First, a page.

How The European Union Will Fall

| October 12, 2011 | 0 Comments

As the EuroZone debt crisis drags on, the options for resolving it are getting thin.  We’ve seen virtually every economic expert weigh in with their opinion on how the EU can be saved…

If we step back and look at all the news over the past year, adding up the parts of the puzzle… there’s only one way the crisis in Europe will ever be completely solved.  And that’s transforming the European Union into a type of “United States of Europe”.

But somehow, I can’t see them making it across the finish line…

While the 17 EU countries are wrapping up approval of their bailout fund, the stage is setting up for a massive collapse of the EuroZone. And the expansion of the European Financial Stability Facility (EFSF) is a disaster waiting to happen.

The wheels are in motion.  Like a runaway locomotive, the destruction of Europe is already speeding along the tracks.

Before I get into where this crisis is headed, I think it’s important you know a few of the key workings of the EFSF.  We hear the term all the time in the news, but few people know much about it…

You see, the EFSF is similar to the United States TARP program in a few ways.  As you recall, the TARP program was the US mechanism used to prevent a total financial meltdown in 2008.

And that’s exactly what the EFSF is designed to do for Europe… but using a much different method.

The TARP program allowed the US Treasury to purchase troubled assets directly from any financial institution.  Without getting into the messy details of TARP, let’s just say it allowed the US government (and taxpayer) to become equity and debt owners in exchange for capital.

In contrast, the EFSF was established with the goal of preserving the financial stability of Europe’s monetary union.  The EFSF is designed to provide “temporary financial assistance” to troubled European governments.

Here’s the big difference…

While TARP actually exchanged capital for assets with banks, the EFSF offers to “issue bonds or other debt instruments on the market to raise the funds needed to provide the loans.”

So who will buy these bonds and debt instruments?  As usual, it’ll be the banks, pension funds, central banks, insurance companies, etc…

These bonds are backed by the EFSF, currently funded up to €440 billion ($607 billion).  Without the backing of the EFSF, no one would touch them.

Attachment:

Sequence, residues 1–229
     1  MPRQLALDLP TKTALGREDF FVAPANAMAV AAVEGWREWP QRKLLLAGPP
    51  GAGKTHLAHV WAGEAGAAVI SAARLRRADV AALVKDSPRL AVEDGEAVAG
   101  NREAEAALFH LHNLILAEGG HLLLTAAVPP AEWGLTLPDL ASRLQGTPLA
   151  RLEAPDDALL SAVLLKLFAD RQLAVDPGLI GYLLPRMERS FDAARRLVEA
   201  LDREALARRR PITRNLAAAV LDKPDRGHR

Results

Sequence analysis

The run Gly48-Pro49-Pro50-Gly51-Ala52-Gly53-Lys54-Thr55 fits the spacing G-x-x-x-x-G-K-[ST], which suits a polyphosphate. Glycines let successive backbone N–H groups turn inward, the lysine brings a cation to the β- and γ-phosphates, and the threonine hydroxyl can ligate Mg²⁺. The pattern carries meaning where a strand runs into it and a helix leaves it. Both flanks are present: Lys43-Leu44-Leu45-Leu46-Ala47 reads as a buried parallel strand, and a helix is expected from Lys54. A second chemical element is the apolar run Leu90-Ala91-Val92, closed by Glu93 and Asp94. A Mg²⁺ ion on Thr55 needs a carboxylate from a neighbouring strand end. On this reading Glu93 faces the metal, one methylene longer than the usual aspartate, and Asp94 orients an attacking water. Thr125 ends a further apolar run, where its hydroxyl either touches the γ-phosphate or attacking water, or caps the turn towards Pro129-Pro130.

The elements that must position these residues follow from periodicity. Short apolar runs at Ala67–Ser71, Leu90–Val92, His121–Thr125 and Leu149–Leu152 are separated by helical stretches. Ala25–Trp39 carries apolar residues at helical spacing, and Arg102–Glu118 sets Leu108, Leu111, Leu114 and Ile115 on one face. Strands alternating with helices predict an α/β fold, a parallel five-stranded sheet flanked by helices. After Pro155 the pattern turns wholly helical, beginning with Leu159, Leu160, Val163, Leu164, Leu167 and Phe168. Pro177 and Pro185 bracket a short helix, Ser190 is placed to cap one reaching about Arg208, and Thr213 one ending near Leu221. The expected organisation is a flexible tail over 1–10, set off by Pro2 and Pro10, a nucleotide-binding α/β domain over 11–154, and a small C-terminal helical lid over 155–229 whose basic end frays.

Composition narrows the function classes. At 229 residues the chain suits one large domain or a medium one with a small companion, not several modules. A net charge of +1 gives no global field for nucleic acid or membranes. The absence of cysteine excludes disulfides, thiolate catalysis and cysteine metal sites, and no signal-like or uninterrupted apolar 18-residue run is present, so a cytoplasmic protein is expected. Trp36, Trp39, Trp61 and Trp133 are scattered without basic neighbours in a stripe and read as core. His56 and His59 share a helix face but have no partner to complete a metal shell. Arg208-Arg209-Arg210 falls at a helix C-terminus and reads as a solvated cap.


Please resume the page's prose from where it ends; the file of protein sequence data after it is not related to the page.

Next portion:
Doing some basic math, it’s obvious the EU will need more than €440 billion.  Italy alone has well over $2 trillion in public debt.  In reality, the original EFSF was set up to save say, Greece, and other small EU members.

However, the contagion and fear of default has spread far beyond the borders of Athens…

The limited funding of the EFSF has created a new fear that if Greece defaults on its debt… some of these other countries will follow.

A risk of contagion is why the EFSF now needs more backing.

For investors to have faith in the newly issued EFSF debt, the EU needs to ramp up the guaranteed funds.  Rumors put the needed funds over €3 trillion ($4.14 trillion)!

Here’s the bottom line…

If EU nations pony up that much coin to save their union, they’re going to be in too deep to back out of any commitments.  This new fund may work for quite some time, and the internal workings of the EU may continue functioning… for now.

But with 17 member nations, a peaceful accord will not last. Remember, each country is required to vote changes to the monetary system into law.

In the end, all 17 countries will be married at the hip by over €3 trillion ($4.14 trillion) in shared debt (think EuroZone bonds).  Remember, these 17 European countries are steeped in tradition and independence.

There’s no way they’ll all relinquish their independence for statehood.

So when the political infighting gets too much to deal with, the EU will explode!  If you think we have a crisis now, wait until there’s over €3 trillion in shared debt involved.  How will they divvy that up?

It will be like a megaton bomb dropped on the financial world… and it will be centered in Europe.  Simply put, breaking off a €3 trillion ($4.14 trillion) commitment would end the EU in a very ugly fashion.

Instead of letting the weak members of the union fail now and getting the pain out of the way, the EU is simply driving toward total meltdown by passing the expansion of the EFSF.

It may not happen this year, but I can’t see how they’ll avoid it.  You won’t want to be holding any Euros then.

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Category: Currency Trading

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